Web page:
Monday, 7 September 2015

Who do you really say I am - a poem (probably for all age or a youth group)

“But what about you?”
“Who do you say I am?”
Well, that’s a very good question,
The kind I expect from you
It’s the sort of question that makes me feel uncomfortable
And puts me ill at ease
Because I think I know the answer
In fact I think I think I know several answers
There are answers from the Good Book
And there are answers from my prayers
There are words and phrases handed down from medieval sages
And friends on the phone
There are images on the gallery wall
And stained glass to help me with the answers
There are thousands and millions of songs
Hymns and chants that tell me different names
And different answers to the question,
“Who do you say I am?”
I could give any of those answers
Any phrase or any “I am” saying
I could give a thousand answers
And probably find a thousand more
But there are two troubling elements to your question
The first is that you didn’t ask me who the Bible says you are
And you didn’t ask me who the painter says you are
And you didn’t ask me for the opinion of the poet
The playwright
Or the priest
You didn’t ask me for the answer of my mother-in-law
Or the evangelist on the telly
You didn’t ask me what any of those people or artefacts had to say
You asked me
You asked me what I had to say
“Who do you say I am?”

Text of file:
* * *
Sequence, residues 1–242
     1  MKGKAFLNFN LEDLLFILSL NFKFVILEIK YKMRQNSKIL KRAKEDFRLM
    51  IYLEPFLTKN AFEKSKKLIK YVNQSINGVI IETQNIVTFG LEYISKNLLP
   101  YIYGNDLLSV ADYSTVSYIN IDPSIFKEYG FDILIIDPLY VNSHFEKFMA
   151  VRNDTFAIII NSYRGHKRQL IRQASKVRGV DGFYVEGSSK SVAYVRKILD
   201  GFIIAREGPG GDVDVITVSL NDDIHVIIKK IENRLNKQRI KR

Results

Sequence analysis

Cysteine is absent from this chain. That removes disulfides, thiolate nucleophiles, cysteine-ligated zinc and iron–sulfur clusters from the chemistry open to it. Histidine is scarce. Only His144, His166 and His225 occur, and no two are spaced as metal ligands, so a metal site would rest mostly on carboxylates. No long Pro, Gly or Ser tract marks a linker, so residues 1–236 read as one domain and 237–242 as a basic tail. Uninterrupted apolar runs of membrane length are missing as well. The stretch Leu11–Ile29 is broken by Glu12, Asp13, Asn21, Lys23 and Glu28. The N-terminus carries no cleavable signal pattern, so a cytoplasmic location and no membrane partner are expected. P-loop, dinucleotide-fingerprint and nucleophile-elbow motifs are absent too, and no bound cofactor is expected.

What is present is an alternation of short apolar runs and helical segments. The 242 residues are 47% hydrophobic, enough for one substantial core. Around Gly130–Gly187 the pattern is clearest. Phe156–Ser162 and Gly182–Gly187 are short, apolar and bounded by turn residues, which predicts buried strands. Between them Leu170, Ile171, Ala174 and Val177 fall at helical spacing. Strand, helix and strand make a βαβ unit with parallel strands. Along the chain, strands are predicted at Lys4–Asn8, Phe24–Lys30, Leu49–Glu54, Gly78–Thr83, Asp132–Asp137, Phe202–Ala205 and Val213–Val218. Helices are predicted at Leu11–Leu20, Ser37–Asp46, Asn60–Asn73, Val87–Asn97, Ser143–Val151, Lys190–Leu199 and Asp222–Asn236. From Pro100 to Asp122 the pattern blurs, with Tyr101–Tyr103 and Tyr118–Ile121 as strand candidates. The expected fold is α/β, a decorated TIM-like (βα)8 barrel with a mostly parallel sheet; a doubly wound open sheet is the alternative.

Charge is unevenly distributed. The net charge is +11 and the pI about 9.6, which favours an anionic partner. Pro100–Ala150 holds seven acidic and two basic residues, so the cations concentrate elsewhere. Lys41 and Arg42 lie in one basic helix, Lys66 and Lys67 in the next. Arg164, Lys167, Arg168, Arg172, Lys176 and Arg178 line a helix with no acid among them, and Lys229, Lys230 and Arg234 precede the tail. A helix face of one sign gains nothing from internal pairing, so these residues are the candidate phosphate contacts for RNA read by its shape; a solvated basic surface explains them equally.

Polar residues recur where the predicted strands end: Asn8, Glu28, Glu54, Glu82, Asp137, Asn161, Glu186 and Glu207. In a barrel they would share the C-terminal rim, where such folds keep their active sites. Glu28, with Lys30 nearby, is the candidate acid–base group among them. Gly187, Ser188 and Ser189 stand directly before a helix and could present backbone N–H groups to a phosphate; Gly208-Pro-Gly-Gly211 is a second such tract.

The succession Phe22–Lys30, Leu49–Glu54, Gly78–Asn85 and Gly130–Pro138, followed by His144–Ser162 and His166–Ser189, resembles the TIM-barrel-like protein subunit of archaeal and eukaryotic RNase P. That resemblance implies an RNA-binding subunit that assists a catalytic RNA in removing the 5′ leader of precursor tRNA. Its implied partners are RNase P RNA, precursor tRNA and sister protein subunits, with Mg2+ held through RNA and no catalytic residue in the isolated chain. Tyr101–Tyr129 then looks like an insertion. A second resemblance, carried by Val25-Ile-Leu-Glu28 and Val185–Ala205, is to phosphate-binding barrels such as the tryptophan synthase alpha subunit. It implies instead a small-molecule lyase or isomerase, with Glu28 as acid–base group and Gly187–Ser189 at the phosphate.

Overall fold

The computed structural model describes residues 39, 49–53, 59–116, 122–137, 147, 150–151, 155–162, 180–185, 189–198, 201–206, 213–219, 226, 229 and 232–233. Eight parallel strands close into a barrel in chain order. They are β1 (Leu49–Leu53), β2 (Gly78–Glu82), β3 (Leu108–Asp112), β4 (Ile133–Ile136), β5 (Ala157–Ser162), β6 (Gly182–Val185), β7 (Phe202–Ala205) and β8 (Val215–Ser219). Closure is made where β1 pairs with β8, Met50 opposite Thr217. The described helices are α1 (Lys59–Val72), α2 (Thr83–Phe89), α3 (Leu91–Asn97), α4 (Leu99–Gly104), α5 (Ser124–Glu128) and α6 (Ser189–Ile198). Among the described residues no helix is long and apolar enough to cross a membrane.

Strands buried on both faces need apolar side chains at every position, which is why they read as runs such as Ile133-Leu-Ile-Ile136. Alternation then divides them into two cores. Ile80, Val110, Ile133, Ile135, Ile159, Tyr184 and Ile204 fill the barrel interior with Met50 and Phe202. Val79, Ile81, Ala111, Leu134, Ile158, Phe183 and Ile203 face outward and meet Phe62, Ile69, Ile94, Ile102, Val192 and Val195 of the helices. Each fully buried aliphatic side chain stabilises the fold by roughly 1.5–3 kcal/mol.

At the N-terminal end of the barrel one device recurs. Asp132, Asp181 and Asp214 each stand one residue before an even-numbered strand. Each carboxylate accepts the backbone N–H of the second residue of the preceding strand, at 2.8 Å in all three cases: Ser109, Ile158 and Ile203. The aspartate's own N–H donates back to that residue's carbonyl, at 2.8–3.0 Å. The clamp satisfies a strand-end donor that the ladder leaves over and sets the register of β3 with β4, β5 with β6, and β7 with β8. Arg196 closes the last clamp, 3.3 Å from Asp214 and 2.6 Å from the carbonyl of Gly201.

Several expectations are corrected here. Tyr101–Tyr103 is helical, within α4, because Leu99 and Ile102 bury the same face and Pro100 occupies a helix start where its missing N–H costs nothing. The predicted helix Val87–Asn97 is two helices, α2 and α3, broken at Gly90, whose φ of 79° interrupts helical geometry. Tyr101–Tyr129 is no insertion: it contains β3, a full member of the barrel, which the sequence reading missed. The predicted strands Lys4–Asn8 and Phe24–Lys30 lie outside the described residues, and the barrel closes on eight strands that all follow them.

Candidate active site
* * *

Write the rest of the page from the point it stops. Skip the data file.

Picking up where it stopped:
And that’s a bit more personal, because that’s about my opinion
And my belief
And the way that I think about you
And feel about you
And dream about you
Well that’s a bit more awkward
But as noted before, there’s a second troubling element to the question
And it’s even more troubling than the first
Because from the question you ask
And as the person that you are
I get the feeling that you want to hear something more
I get the feeling that the way I see you
And the way I describe you
Should somehow make an impact
Not just on my view of you
That’s obvious
But that it should make an impact on how I see the world
And how I see its other inhabitants
That maybe how I see you
Should impact how I interact with the world
And how I respond to the world
I have a gut feeling that your question
“Who do you say I am?”
Will, if I allow it, take me on a journey
A journey to somewhere deep
And challenging
The kind of place where suddenly it’s hard to deny
That my reaction to the news needs to change
That I need to step beyond where I feel at home and take a bigger risk
That I need to hold up my hands open palmed, ready to receive
I’m frightened by your question because it challenges me
It challenges every part of me
It challenges everything I do and see
It challenges everything I believe
“Who do you say I am?”
You ask, not quite innocently but wanting me to think
And I have thought
And I have fought within myself to say aloud the things that I believe
And I have fought within myself to lay down the ways that lead to death
The ways that lead to nowhere good
The ways that lead to me being lost
Instead I’m unsettled, unfettered and regretting
Regretful and remorseful
For the failures in my past
And for my future failings just around the corner
“Who do you say I am?”
And “who do I say you are?”
You’re Jesus
And at the moment
With all the implications
And the challenges that this will lead me to face
You’re Jesus
And that’s just about all I can say

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